Good day to all! I hope you are all enjoying the craziness that is March weather. We went from the 50s to the teens with 12 inches of snow and soon back up to the 40s now. Ah well, April will appear and Easter is early, so March should march right past pretty quickly. I certainly hope it does.
When I am itching to get out into my garden and yard, but am stymied by the weather, I find it a perfect time to dig into my genealogy. Just this past week I was reminded of a resource that I often overlook, but now for the third time has proven its worth to me, my family tree, and our family history/genealogy. That is the use of records from Title Insurance Companies. Yep …. title insurance companies.
It began a couple of years ago when I was working on a very specific problem in my family tree having to do with one of my Bohemian ancestors. I was working with the excellent staff at the Ohio Genealogical Society (OGS) when their Library Director, Thomas Neel, an amazing resource person I might add, asked if I had accessed the files that the OGS held from a now defunct title insurance company. I admitted I had not, but having begun my working career in real estate many, many (many) moons ago, I knew them to be assiduous record keepers and this firm evidently was no different. In the days before computers, they kept a massive index of every surname they came across in their work and the court files of cases that could or did impact real estate and real estate titles. Primarily Probate files, they include such wonderful listings as estates, probate, letters of administration, change of name, marriages, divorces, and more. All neatly typed or handwritten and kept by surname. Tough to beat, especially when you factor in that this was a major title insurance company for decades and therefore mentions just about every surname in Cleveland if they owned property.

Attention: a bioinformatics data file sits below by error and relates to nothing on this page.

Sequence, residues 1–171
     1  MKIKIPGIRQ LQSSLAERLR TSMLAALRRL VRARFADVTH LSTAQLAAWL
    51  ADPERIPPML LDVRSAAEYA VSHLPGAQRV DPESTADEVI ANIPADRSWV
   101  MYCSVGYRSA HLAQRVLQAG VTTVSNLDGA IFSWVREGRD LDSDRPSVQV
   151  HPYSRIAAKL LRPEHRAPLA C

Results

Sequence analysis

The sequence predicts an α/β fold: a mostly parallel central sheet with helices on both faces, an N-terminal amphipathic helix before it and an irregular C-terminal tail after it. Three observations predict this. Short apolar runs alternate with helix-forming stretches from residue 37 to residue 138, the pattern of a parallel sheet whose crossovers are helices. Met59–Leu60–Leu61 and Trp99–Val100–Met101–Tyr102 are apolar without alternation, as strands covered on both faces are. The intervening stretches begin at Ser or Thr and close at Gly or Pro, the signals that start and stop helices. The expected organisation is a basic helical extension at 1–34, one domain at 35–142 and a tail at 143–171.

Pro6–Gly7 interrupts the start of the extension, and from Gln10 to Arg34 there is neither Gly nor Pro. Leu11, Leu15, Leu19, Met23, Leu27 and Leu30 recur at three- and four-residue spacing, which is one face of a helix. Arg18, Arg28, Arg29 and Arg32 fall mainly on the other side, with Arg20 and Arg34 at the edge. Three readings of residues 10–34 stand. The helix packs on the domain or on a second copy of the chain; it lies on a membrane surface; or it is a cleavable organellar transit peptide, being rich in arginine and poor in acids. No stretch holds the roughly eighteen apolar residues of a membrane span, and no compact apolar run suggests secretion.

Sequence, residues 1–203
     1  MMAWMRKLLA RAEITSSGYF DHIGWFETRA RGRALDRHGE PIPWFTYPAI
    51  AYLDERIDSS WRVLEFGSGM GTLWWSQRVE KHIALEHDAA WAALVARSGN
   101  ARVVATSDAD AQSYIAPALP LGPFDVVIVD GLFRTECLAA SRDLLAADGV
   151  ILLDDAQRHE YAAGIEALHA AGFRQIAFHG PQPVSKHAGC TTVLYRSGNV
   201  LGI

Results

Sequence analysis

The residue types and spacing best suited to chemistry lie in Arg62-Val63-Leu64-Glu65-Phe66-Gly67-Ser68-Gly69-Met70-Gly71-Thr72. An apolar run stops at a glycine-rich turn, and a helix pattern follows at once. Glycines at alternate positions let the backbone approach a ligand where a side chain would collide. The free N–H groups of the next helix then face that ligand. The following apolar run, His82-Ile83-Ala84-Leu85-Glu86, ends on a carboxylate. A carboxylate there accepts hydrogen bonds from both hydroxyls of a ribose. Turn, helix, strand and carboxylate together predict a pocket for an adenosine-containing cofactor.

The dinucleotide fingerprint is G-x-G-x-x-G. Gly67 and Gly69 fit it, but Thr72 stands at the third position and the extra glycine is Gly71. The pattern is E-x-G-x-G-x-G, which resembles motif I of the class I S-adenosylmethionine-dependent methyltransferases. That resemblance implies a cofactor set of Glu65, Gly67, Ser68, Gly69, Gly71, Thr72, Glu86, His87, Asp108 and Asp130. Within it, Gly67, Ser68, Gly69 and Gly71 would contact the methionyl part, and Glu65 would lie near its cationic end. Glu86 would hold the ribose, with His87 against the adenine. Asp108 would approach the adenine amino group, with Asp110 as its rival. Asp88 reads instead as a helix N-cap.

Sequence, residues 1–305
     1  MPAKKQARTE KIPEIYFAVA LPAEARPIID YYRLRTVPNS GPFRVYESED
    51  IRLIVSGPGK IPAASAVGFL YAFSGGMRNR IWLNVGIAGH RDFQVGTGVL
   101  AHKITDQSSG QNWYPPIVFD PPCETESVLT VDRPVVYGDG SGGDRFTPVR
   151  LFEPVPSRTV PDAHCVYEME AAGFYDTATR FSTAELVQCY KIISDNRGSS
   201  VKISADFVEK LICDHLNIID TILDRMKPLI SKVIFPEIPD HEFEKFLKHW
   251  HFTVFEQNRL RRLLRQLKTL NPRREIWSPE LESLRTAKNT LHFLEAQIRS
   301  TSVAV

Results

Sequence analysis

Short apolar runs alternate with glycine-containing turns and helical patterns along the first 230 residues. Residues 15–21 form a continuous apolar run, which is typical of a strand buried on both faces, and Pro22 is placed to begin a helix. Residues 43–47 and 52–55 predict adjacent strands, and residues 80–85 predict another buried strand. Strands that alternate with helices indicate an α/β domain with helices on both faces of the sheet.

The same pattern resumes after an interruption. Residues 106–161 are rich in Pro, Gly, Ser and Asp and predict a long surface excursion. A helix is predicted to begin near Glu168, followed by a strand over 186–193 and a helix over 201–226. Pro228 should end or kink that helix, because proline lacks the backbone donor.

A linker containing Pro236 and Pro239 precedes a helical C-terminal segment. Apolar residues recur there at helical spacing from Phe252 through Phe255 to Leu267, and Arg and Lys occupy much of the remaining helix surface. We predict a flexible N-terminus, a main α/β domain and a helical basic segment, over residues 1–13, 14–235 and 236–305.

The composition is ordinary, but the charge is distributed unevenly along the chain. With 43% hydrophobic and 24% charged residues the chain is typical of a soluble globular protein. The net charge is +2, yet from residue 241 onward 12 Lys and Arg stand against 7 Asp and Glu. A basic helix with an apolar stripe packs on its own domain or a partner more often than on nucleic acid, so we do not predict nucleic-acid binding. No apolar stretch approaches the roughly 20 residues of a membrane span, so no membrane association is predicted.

It seems that some time ago when this Cleveland, Ohio-based firm was going out of business, some farsighted employee or owner saw this massive set of cards as what it was — a treasure-trove of genealogy leads and information worthy of saving rather than trashing.
Thank goodness for that wonderful individual!
I have now used this resource four times and each and every time I have found some previously unknown gem for my ancestors. In one case an estate listing led me to a death I did not have listed plus I found what happened with the children via the guardianship papers that were later filed. In another I discovered two married names for female ancestors that I had not been able to find and in this most recent situation I discovered an insanity hearing and findings, so I could trace this ancestor to the mental hospital where she was relegated to live the rest of her life.
For just the four surnames I have researched I have found information for 60 given names and better yet 127 separate records for these sixty folks.
I am still pursuing the data and information that these records have teased me with. There are some really great leads and clues that I simply never came across when using more traditional sources of information.
I will only add that this is also a very good example of the fact that not everything is online for our genealogy work, nor is everything to be found on the mainstream sites. More is not yet digitally captured than is at this point in time. So remember that when you think you might see a brick wall looming in your work. Branch out and get as creative as you can.
Who knows….maybe something extraordinary will jump out at you too.
What are your favorite, nontraditional sources of information? Let me know with a comment here, please!